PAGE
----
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Korea has high gender gap in life expectancy

The gap in life expectancy between South Korean men and women is higher than other member countries of the Organization for Economic Cooperation and Development, a recent report by the Paris-based club of advanced countries showed.

According to OECD Health Data 2015, the average life expectancy for men was 78.5 years, 6.6 years lower than that of women at 85.1 years.

Korean women’s life expectancy came in fifth among the OECD nations, while that of men ranked at 20th in the group.


South Korea, alongside France, ranked fifth among the 34 OECD member countries in terms of the disparity in life expectancy, following Estonia (8.9 years), Poland (8.2 years), Slovakia (7.2 years) and Hungary (6.9 years).

The life expectancy for the combined population of Korea was 81.8 years, 1.4 years above the OECD average of 80.4 years. 

Iceland had the narrowest gender gap in life expectancy at 3.2 years, behind the Netherlands, New Zealand and the U.K. with 3.7 years.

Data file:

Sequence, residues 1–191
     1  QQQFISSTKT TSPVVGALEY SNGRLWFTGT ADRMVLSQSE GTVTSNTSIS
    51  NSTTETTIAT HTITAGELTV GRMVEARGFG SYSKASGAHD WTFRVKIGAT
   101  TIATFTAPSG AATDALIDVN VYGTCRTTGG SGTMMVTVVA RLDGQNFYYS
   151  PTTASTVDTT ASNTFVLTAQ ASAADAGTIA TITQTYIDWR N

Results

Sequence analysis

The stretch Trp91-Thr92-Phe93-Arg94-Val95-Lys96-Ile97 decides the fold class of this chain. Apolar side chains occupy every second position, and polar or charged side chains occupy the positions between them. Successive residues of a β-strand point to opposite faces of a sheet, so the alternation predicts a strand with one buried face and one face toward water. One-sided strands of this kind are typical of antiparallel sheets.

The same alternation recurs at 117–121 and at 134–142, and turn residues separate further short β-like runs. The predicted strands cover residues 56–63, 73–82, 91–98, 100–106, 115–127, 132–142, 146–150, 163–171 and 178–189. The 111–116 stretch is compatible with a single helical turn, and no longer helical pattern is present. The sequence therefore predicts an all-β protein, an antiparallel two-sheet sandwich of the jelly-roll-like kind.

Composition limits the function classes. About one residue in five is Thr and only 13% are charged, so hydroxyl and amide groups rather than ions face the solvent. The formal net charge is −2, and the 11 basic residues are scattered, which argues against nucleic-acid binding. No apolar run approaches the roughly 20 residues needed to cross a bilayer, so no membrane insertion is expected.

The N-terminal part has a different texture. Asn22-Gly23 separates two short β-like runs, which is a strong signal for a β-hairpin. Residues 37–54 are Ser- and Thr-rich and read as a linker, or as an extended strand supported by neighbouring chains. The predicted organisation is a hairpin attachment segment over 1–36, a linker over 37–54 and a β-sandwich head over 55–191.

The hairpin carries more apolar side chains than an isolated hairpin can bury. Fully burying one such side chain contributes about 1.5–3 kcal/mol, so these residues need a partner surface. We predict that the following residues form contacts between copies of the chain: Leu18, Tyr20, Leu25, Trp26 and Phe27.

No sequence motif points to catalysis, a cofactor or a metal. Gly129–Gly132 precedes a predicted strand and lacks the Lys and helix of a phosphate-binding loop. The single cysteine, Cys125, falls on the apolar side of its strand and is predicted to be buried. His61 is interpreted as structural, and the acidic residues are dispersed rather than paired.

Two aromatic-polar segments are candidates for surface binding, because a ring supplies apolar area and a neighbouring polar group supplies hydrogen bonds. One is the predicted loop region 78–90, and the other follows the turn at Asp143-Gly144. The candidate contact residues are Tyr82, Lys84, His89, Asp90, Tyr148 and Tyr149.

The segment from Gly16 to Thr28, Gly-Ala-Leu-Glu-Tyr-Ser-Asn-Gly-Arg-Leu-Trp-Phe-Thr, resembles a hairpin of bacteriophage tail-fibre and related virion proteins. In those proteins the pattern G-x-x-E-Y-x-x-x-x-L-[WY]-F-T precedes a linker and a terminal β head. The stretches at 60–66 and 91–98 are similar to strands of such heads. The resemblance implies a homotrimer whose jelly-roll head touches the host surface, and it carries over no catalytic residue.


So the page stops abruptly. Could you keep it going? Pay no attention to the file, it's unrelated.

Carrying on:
Countries including Italy, the U.S., Germany and Australia also had a gap of less than five years in the life expectancy of men and women.

One of the reasons behind the nearly 7-year gap in life expectancy between Korean men and women might be the higher smoking rate for men, the report suggested.

(Yonhap)
(Yonhap)

About 36 percent of Korean men smoked daily in 2013, the third highest rate among OECD countries. But only 4.3 percent of women smoked every day, the lowest in the OECD bloc.

OECD data also showed that the more adults smoke, the less likely they live long in general, which hints at a link between the short life expectancy and the high smoking rate.

Nearly 44 percent of Greek men aged 15 or older smoked in 2013, the highest rate across the OECD bloc, followed by Turkey at 37.3 percent and Korea and Estonia at 36.2 percent.

Sweden recorded the lowest smoking rate for men with 9.8 percent, followed by Iceland (10.7 percent), Australia (14.5 percent) and the U.S. (15.6 percent.)

Life expectancy for men belonging to countries with the high smoking rates was relatively short, with Greece ranked 17th (78.7 years), Turkey at 29th (73.7 years) and Estonia at 32nd (72.8 years).

Men from countries that smoke less than other OECD nations had longer life expectancies, with Sweden ranked fifth (80.2 years) and Iceland at second (80.5 years).

By Ock Hyun-ju (laeticia.ock@heraldcorp.com)
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